Russia now has 21 days to appeal the decision to the Court of Arbitration in Sport, a move that Russian officials have indicated they will do. Depending on the length of the appeal, a final CAS ruling on the WADA ban may not come until spring or summer 2020.

Politics and sports

In Russia, the WADA decision, while expected, was viewed through a wider lens of politics infecting sports.

Russian Prime Minister Dmitry Medvedev acknowledged Russia’s “significant doping problems,” while calling the WADA ruling “part of anti-Russian hysteria that has become chronic” in global affairs.  

That view was shared by Russian Minister of Sport Pavel Kolobkov, who said “the idea occurs to me,” when asked if politics was at play in the WADA decision. Kremlin officials from President Vladimir Putin on down have touted Russia’s return as a sporting power as symbolic of its growing global clout.

Andrei Klimov, a member of the Foreign Affairs Committee of Russia’s Upper Federation Council, noted the latest WADA punishments were meted out by a committee made up of citizens of NATO members states. He suggested that sports had merely joined Ukraine, Syria and a host of other issues dividing Russia and the West.

“How much this has to do with sports? I don’t know. I think it has to do with sports least of all,” he said in an interview with the Echo of Moscow radio station.

Independent journalist and commentator Sergei Medvedev disagreed.

“Don’t tell me this is a political decision. Yes, it has huge political implications, but it’s essentially a technical one. Russia (or more precisely, those who cleansed the database) left WADA no choice,” the journalist wrote on his Facebook page. “In world sports, as opposed to world politics, sanctions work effectively, automatically, and painfully.”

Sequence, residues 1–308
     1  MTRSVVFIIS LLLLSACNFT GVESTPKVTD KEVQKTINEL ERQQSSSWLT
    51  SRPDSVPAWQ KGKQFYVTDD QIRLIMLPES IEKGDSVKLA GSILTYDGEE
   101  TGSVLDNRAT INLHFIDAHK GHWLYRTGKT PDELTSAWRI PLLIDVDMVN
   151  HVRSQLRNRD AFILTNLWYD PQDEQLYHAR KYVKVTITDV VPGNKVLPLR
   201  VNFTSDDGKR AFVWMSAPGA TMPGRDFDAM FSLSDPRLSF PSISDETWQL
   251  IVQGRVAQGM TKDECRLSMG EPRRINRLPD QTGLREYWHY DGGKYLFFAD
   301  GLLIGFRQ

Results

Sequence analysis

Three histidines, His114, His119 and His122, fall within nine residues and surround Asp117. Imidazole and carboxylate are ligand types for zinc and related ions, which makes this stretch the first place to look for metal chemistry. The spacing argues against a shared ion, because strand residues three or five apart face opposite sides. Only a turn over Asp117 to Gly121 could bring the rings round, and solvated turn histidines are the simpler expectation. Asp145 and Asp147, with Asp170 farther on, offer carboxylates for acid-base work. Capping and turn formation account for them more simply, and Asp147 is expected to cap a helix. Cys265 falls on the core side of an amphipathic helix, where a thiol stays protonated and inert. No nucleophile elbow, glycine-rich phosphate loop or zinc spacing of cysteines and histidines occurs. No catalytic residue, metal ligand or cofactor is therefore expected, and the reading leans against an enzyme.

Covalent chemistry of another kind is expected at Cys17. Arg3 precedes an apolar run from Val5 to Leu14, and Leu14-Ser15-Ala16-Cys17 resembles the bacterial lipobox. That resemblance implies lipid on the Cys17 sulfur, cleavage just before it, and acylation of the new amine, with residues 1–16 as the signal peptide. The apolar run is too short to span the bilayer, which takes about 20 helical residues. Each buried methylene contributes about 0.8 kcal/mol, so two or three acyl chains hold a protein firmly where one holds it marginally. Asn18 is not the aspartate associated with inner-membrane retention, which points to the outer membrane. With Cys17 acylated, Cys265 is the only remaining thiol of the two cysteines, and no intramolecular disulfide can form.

Collective punishment

For Russian athletes, today’s ruling was seen as the latest move that many argue unfairly punishes them collectively for the sins of a few.

“It’s a nightmare,” champion figure skater Irina Slutskaya wrote on her Instagram account. “Why because of some unprincipled and unclean athletes should all those who worked towards the Olympics their whole lives suffer, those who don’t even know the word — ‘doping.'” 

Yet, a growing chorus has also expressed frustration over the inability of Russia’s sports bureaucracy to tackle the doping issue head on — asking why it was risking Russia’s sporting future by protecting past bad actors?

Tina Kandelacki, founder of Russia’s Match TV sports channel, demanded that Russian investigators uncover who had manipulated the RUSADA Moscow laboratory samples.

“In this story, there are concrete guilty parties. People, who wanted to curry favor where no one asked them to. And they easily sacrificed the fates of athletes, and now the sporting future of the whole country,” she in a post to her Telegram channel.

Liberal critics lamented that Russia’s lingering doping crisis would steal the dreams of a generation of athletes and fans.

“The Inquisitors from WADA haven’t changed, but we, it seems, also didn’t want to change after all the mayhem,” Vladimir Mozgovoi wrote in the independent Novaya Gazeta, a frequent critic of the government. “We didn’t wise up. We didn’t repent. We didn’t understand.”